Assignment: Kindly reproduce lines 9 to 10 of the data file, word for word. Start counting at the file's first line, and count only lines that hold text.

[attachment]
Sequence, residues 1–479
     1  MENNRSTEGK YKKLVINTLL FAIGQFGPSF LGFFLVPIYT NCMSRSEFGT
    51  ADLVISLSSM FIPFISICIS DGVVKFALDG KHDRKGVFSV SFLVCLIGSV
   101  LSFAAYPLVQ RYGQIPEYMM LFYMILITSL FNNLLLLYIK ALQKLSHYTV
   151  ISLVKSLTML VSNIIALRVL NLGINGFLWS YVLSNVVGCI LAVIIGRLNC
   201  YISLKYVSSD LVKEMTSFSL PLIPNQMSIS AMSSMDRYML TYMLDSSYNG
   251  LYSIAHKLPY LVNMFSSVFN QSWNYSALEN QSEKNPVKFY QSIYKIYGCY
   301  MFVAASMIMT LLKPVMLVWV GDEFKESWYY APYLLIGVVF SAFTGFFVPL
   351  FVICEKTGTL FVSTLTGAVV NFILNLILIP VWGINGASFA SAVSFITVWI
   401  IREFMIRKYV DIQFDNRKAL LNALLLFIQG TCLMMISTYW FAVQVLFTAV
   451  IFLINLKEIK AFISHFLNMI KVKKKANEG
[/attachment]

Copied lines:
   351  FVICEKTGTL FVSTLTGAVV NFILNLILIP VWGINGASFA SAVSFITVWI
   401  IREFMIRKYV DIQFDNRKAL LNALLLFIQG TCLMMISTYW FAVQVLFTAV